So many writers think they should never pay for publishing. I don't blame them for thinking that way, but here’s how it really plays out. Authors are natural idealists, so of course we typically figure we can get a deal with a big publishing company, leading to smooth...
election

Meet The New Year—Same As The Old Year?

Looking back at the blog over the past few months, I see a few obsessions emerging. Nothing surprising there—of course we’re all suffering from pandemic fatigue, and I’m not surprised to see my worries about the 2020 election as topics. In my October 26th post, If...
cost

What Books Cost Their Authors: A Tale of Blood, Sweat & Tears

…”Books that cost more to write than their sales ever could repay.”  - Alan Paton   Lately I’ve had my nose in a couple of books. One is a history book on the JFK years, the other, Alan Paton’s most famous novel, Cry, the Beloved Country.  I have a curious, even...
deadline

I’d Never Missed a Deadline Before—Until I Missed My Own

I’ll be the first to acknowledge my willingness to write about the newsletter I send to my email list. In fact, I know I’ve done it more than once. Back in February, I offered readers of this blog a “sneak peek” at the quarterly newsletter—the joke being that it...
artists

Calling All Artists

This week's blog post is going to be super short: if you've ever read the blog, you’ll know I'm posting often about my upcoming book launch. I’m releasing my fourth novel in 2019, and I’m putting a lot of emphasis on finding artists first. I put out a call for graphic...
self-promotion

What’s The Problem With Shameless Self-Promotion?

While I still find it somewhat hard to believe, I've been on Twitter for almost eight years. I know this not only because Twitter shows Joined March 2015 on my profile but also because, even if they eliminate that feature, I use a tracker called Who Unfollowed Me? If...
MLK

MLK Day 2023

Here’s wishing everyone a safe, sane Martin Luther King Jr. Day. For many of us, today is always something of a day of mourning: not only mourning the loss of a great civil rights leader, but also mourning the turn our great nation seemed to take in recent years....

Twitter Tips for Authors in 2023

If you follow my blog, you probably connected with me via Twitter, whether you’re a fellow author or not. In 2020, I wrote a post about Twitter for fellow writers that got a good response. Three years later, the landscape has changed, but some Twitter best practices...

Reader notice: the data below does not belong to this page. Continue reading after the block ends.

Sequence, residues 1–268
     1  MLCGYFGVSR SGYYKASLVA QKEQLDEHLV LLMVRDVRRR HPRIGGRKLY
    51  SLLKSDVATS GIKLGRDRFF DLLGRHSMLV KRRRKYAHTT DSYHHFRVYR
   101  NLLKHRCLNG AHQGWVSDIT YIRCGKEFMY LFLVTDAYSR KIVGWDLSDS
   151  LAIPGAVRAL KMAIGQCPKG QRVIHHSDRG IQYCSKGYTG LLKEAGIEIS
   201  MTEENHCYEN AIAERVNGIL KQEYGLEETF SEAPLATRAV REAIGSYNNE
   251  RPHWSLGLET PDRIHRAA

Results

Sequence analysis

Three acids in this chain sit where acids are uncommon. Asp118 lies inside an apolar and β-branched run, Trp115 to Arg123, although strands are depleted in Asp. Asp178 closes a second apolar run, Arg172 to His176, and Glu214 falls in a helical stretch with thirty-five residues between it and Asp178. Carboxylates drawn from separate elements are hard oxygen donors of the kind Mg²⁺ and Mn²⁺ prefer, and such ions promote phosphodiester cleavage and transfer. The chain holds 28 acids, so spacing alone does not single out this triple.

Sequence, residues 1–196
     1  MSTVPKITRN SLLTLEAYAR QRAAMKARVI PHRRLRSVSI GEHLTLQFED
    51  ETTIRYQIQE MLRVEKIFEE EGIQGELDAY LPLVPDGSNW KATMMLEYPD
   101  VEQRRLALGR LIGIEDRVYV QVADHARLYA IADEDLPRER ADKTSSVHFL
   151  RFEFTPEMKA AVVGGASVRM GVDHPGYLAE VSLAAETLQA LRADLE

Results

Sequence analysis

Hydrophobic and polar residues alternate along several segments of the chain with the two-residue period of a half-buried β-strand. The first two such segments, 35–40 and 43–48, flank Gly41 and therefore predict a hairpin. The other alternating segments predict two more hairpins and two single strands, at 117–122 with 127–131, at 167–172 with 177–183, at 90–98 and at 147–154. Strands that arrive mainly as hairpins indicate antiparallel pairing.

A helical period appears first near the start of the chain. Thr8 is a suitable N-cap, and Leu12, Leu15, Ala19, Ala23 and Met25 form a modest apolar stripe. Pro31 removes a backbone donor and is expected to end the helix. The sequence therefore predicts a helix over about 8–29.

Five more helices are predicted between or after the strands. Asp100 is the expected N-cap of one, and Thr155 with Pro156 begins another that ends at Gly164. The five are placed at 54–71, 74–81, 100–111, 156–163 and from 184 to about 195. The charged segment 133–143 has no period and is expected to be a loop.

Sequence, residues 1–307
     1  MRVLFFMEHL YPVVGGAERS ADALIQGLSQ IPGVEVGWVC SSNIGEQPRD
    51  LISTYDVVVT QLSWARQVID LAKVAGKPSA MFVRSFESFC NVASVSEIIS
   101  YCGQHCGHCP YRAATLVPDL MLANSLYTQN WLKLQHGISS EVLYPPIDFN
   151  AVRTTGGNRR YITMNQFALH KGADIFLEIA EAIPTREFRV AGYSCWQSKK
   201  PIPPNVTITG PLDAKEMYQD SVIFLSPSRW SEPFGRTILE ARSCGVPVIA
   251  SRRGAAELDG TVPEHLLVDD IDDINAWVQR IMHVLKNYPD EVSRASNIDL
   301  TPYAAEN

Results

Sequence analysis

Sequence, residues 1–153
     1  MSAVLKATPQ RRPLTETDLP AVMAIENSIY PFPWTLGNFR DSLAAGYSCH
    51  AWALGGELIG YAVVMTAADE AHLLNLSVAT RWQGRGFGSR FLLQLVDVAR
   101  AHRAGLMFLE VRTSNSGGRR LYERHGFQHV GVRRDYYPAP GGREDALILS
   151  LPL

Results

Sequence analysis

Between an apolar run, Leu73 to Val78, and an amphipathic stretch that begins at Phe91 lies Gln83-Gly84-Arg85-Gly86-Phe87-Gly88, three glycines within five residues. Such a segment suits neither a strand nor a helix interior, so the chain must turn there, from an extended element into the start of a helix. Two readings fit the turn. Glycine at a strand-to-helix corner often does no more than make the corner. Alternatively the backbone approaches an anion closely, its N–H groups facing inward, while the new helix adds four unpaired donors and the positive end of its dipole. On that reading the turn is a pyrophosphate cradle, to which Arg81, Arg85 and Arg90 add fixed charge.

rails

Going Off The Rails (But Not On A Crazy Train)

Last April, I wrote a blog post called Back on Track With a Work-In-Progress. Part of that post was to talk about the difference between a “plotter” and a “pantser” (and to describe myself as a hybrid of the two, a “plantser”). Another, less obvious motive, was to...
French

Those Tricky French Authors and Their Obsessions

Today’s blog post was originally going to be Write Whatever the @#$% You Want, Pt. III. However, after seeing parts I and II lined up, I decided to call an audible and make it something less repetitive. Somehow the SEO gods have gotten into my head. As I’ve mentioned...
scared

Write Whatever the @#$% You Want, Pt. II

In last week’s post, I mentioned a pretty well-known author who has publicly reported his publisher “wouldn’t touch” a new release, in part because a character in his novel referred to herself as “fat.” I heard this story on a podcast, and I remember thinking, “Wait...
censorship

Write Whatever the @#$% You Want

I’ve been stewing on this for a while. It’s been brewing for quite a while. I could probably write a song about it (how about a rap?), but I don’t think I will. This is more of a blog post topic, and it might even deserve a series. And that’s the title and topic of...
gratitude

Should Every Month Be Gratitude Month?

When I was a kid, I loved Peanuts by Charles M. Schulz. I read it daily and collected nearly every paperback volume of the cartoon, so I could see what I’d missed since the comic strip’s inception in 1950.  Certain things stuck: quotes like “happiness is a warm puppy”...
robot

More Thoughts On Robot Writers and The Tech Dystopia

A couple of months ago, I wrote a blog post here called When Will the Robot Overlords Replace Us? Apparently, I’m fairly obsessed with this stuff, because every time I come here and empty my brain, it seems to come up again. Today is no different. Part of the reason,...